Reds knocked off perch at St Mary’s
That’s why it was somewhat surprising to see them held to a 1-1 draw by West Brom and a goalless stalemate with Newcastle in the frantic period between Christmas Day and New Year.
The champions seemed to have been drained of their confidence and they suffered their second defeat of the season at Southampton in early January.
Once considered “mentality monsters”, the Reds had no response to Danny Ings’ second-minute opener as defeat on the south coast knocked them off top spot in the league table – and they haven’t been back since.
Clarets breach fortress Anfield
Even though their away form was mixed at best, Liverpool could always rely on picking up at least a point at home.
But Burnley had other ideas when they came calling at Anfield in late January.
In one of the most eye-catching upsets of the season, Ashley Barnes converted a late penalty to bring Liverpool’s 68-game unbeaten home run in the top flight to an end.
What followed was a complete collapse of Liverpool’s form and confidence at home, with Jurgen Klopp watching on helplessly as his side suffered five more defeats in a row.
This run featured a 4-1 hammering by Manchester City in which world-class goalkeeper Alisson committed two disastrous blunders, and a 2-0 defeat by Everton, who clinched their first victory at Anfield in the 21st century.
Liverpool’s overall form between early January and early March stood at eight losses from 12 games as they sunk as low as eighth in the table.
Inaction in January
Liverpool’s glaring weakness in central defence was on show for all to see, so you may have thought signing a centre-back as soon as the January transfer window opened would be of the upmost importance.
Staggeringly, however, it took until deadline day at the start of February for the Reds to act.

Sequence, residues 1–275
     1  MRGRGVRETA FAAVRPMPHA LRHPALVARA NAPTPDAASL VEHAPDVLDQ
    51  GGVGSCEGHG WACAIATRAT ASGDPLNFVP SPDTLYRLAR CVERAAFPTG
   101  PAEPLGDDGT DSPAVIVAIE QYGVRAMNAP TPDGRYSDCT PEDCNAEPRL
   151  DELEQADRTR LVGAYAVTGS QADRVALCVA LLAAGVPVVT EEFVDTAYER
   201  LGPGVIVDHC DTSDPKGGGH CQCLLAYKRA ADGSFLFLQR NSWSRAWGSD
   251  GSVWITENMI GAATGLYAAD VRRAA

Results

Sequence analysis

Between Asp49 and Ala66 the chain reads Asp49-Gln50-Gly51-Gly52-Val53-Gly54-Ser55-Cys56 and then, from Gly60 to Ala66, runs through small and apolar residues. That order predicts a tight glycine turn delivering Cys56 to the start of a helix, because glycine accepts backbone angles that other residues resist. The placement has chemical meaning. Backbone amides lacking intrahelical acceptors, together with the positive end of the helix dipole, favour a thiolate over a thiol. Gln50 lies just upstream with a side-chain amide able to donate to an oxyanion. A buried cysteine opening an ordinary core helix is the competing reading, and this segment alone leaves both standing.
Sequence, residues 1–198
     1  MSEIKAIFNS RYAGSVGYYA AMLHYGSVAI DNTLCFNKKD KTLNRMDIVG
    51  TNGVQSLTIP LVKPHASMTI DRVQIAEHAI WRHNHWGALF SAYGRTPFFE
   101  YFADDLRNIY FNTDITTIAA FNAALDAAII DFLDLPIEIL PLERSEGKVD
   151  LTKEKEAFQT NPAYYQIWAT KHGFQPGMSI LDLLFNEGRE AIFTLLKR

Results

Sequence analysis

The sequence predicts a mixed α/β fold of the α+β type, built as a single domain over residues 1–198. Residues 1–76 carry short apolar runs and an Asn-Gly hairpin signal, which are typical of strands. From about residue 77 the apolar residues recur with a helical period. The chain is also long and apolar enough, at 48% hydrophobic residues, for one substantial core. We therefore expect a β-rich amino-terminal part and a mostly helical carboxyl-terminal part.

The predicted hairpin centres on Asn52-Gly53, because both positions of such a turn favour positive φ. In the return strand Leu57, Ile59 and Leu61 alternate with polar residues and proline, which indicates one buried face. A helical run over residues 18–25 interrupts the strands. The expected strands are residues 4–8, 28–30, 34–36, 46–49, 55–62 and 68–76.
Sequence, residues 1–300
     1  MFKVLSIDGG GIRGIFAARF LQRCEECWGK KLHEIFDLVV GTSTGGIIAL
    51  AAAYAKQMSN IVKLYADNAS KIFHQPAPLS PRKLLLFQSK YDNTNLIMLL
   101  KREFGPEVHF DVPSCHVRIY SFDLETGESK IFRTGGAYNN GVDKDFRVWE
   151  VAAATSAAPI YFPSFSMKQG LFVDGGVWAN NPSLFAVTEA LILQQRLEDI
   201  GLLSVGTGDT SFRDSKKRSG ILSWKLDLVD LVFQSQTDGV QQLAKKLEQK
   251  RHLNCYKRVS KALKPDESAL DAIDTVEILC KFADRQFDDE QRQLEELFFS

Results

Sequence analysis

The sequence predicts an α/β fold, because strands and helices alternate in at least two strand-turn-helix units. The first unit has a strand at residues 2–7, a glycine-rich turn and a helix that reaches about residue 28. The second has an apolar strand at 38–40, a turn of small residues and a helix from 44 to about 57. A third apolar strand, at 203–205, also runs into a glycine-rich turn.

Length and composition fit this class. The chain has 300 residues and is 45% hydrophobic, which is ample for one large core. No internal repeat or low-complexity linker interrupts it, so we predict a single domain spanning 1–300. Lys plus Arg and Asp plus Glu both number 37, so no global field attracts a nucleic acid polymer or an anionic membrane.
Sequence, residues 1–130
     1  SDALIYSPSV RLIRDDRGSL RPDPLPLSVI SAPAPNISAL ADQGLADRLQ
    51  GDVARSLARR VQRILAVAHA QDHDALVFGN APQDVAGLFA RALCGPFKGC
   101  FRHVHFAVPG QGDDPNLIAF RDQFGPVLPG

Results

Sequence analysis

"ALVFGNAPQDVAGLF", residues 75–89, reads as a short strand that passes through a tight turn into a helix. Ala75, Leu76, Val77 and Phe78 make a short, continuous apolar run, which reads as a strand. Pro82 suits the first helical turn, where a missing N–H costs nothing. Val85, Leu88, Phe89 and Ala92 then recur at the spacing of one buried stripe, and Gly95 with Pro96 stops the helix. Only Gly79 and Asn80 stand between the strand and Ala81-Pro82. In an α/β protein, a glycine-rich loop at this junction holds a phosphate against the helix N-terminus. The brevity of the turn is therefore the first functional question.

Ben Davies moved to Merseyside from Preston North End and is still yet to make his Liverpool debut three months on.
In contrast, Ozan Kabak has cemented himself in the starting XI since he arrived on loan from Schalke, with the Turk often freeing up Fabinho to play in central midfield, to the Reds’ overall benefit.
But by the time Kabak had adapted to his new surroundings and brushed off his early nerves, the damage had been done with Liverpool’s disastrous run of form in January and February.
Draws dent top-four hopes
Liverpool ended their losing run at home by edging out Aston Villa last month, adding to victories at Wolves and Arsenal to make it three wins from three for the first time since the start of the season.
This put their bid for a top-four finish back on track, but it has since been derailed by damaging 1-1 draws with Leeds and Newcastle.
In both of these games, the Reds threw away their lead late on, and their hopes of Champions League qualification now rest on those above them dropping points during the run-in.
Given the way the season has unfolded – with a string of major injuries and a disastrous loss of home form – ending the season in the top four would mark an achievement for the Reds.
It would have been unthinkable to suggest that back in June.